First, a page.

Falun Gong


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Falun Gong

(fä-lo͞on go͞ong), also known as Falun Dafa (dä-fä), movement promoting physical and spiritual well-being that became widespread China in the 1990s. Founded in 1992 by Li Hongzhi (1951?–), a former Changchun grain clerk, it combines exercise routines, said to provide focus for the body's energy, with a code of spiritual discipline, intended to foster physical, mental, and spiritual well-being. Falun Gong's practices derive from qigong, traditional physical exercises related to tai chi, and from Buddhist and Taoist meditation techniques and spiritual elements. Practitioners cultivate moral precepts that stress zhen (truthfulness), shan (compassion), and ren (forbearance).

Falun Gong, which spread rapidly throughout China in the last decade of the 20th cent., was viewed as a cult by the Chinese government, which vehemently opposed the movement and condemned it in the media. In 1998, Li fled to the United States. His movement, however, remained strong in China and gained adherents through proselytization in the United States and other nations. Chinese members staged protests against government persecution, and in Apr., 1999, when the movement claimed to have roughly 70 million members in China, some 10,000 adherents gathered in a peaceful, silent protest outside Zhongnanhai, the large government and Communist party compound in Beijing. Now regarding the movement as threat to party rule, China outlawed it and arrested and imprisoned members. There also were and continue to be reports of the torture and killing of adherents; some 2,000 persons are believed to have died as a result of the persecution of the group. The systematic suppression of the Falun Gong in China remains a government policy.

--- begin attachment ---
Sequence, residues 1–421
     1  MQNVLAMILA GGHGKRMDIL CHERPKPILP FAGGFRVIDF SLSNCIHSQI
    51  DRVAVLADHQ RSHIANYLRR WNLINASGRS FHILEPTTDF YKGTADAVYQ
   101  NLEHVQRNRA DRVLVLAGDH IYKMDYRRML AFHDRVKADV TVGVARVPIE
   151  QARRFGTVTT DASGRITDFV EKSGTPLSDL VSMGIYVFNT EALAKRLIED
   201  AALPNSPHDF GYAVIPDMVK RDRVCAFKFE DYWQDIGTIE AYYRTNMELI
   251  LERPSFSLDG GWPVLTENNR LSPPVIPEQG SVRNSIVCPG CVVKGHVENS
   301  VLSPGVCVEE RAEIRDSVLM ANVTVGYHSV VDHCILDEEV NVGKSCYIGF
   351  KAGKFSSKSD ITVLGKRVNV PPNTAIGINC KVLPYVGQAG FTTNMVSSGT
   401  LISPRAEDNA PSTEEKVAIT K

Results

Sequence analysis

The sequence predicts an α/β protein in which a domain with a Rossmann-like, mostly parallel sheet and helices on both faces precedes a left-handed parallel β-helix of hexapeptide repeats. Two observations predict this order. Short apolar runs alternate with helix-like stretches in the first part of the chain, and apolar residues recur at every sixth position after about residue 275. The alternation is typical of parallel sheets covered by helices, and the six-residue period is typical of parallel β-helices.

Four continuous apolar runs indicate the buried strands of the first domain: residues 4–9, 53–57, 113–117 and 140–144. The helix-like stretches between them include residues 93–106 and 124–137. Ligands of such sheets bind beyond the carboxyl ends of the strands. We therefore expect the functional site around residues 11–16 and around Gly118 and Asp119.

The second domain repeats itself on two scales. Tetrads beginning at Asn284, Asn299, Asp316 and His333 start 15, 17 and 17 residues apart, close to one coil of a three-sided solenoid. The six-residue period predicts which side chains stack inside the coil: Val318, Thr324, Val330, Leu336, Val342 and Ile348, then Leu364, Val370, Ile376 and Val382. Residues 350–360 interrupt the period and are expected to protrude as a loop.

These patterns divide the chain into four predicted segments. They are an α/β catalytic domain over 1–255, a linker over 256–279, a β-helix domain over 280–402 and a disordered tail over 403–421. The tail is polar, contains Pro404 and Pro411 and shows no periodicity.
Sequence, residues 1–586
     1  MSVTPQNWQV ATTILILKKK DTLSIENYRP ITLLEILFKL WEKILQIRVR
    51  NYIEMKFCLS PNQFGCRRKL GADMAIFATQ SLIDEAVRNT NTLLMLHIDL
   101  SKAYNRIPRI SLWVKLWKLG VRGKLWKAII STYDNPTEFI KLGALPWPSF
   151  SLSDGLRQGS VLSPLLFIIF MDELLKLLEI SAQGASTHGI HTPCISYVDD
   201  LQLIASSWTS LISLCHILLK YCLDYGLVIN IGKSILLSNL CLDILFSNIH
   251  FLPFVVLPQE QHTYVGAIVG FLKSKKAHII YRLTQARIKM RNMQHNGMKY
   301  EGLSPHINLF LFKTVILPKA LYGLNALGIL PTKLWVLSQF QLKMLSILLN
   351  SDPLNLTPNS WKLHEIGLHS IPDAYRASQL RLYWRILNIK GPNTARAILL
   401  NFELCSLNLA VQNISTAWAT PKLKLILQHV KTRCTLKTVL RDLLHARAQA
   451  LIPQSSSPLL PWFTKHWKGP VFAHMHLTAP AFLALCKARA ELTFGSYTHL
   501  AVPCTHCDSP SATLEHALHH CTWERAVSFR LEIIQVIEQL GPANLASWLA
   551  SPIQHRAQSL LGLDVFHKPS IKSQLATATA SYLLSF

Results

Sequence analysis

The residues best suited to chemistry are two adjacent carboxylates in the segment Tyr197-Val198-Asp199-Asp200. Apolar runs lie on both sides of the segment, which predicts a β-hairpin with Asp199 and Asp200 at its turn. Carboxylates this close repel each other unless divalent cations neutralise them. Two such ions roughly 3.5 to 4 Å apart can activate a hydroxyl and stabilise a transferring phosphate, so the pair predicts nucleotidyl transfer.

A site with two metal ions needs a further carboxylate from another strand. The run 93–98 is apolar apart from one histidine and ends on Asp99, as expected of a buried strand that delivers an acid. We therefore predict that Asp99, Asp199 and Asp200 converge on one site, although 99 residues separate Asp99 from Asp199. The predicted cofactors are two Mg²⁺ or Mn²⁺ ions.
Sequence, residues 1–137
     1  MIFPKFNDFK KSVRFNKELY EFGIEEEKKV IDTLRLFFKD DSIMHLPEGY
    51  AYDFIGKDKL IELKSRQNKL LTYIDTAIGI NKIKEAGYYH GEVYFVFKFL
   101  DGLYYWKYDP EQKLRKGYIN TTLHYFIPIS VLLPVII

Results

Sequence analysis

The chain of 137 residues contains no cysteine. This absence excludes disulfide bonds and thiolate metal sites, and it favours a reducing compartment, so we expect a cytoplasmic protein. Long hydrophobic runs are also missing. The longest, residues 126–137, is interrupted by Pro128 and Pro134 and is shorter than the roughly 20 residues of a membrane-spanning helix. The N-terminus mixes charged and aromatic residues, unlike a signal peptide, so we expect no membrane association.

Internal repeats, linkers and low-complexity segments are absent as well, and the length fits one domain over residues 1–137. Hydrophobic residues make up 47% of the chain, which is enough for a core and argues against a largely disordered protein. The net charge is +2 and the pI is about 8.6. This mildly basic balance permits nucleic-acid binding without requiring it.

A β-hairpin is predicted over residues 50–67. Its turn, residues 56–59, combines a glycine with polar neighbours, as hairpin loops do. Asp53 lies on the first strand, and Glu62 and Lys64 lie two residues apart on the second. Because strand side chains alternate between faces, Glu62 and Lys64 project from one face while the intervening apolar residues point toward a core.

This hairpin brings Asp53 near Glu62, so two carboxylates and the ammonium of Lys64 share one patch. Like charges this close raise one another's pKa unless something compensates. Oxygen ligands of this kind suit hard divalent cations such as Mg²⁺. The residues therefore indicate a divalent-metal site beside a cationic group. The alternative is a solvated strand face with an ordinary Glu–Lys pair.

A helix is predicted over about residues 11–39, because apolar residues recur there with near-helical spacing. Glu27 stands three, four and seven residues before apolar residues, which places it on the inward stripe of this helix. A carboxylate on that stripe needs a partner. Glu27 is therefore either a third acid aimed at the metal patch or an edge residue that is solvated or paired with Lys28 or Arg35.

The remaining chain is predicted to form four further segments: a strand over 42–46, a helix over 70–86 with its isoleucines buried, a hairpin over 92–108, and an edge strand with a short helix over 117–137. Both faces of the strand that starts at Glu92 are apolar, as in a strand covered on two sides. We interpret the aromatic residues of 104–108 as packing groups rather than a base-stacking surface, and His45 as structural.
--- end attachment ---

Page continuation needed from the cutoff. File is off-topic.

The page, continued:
Bibliography

See Li Hongzhi, Zhuan Falun (tr. 2000); I. Adams et al., ed., Power of the Wheel: The Falun Gong Revolution (2000); D. Schechter, Falun Gong's Challenge to China (2000); S. Spiegel, Dangerous Meditation: China's Campaign against Falungong (2002); M. H. Chang, Falun Gong: The End of Days (2004); D. Ownby, Falun Gong and the Future of China (2008).

References in periodicals archive ?
Since introducing this resolution last Congress, matters relating to Falun Gongs persecution in China have only become more urgent and deserve scrutiny from the United States and the world.
This indicated that there are unacknowledged organ sources in China, with the primary source being the imprisoned Falun Gong practitioners.
What is Falun Gong? FALUN Gong was first taught publicly in north-east China in 1992.
Penny also notes the ways that Western ideas have shaped the beliefs and presentations of Falun Gong, and how Li's exposure to American culture may have facilitated this.
As David Palmer and others have detailed, by the early 1990s and the appearance of Falun Gong, several hundred schools of qigong, each with their own Master, not only had emerged to publicly teach what were professed to have been previously secret methods of qigong but had allowed their teachings in many cases to take on more and more explicitly religious overtones.
A 2007, US government report into international religious freedom stated: "Falun Gong practitioners continued to face arrest, detention, and imprisonment, and there were credible reports of deaths due to torture and abuse."
She examines the rhetoric of Falun Gong's dissent from Chinese leadership in politics, culture, religion, science, and health care.
The Shen Yun dance show, by many reviewers' accounts, mixes heavy-handed political theater - depicting, for example, the tasing of a Falun Gong woman and her child by Chinese government thugs - with mediocre dance.
Beginning in the year 1999, the elimination of Falun Gong became the most potent issue in China, as reflected in the incarceration rates of Falun Gong practitioners (about 450,000 to one million in any single year) and it did not officially subside from that position until the middle of the next decade.
As a result of Falun Gong lobbying last year, the U.S.
China's ban on the Falun Gong spiritual movement a decade ago demonstrated the government's concern for a ''minority group,'' a Foreign Ministry spokesperson said Thursday.
From Jeremy Paltiel's review of Falun Gong and the Future of China, by David Ownby: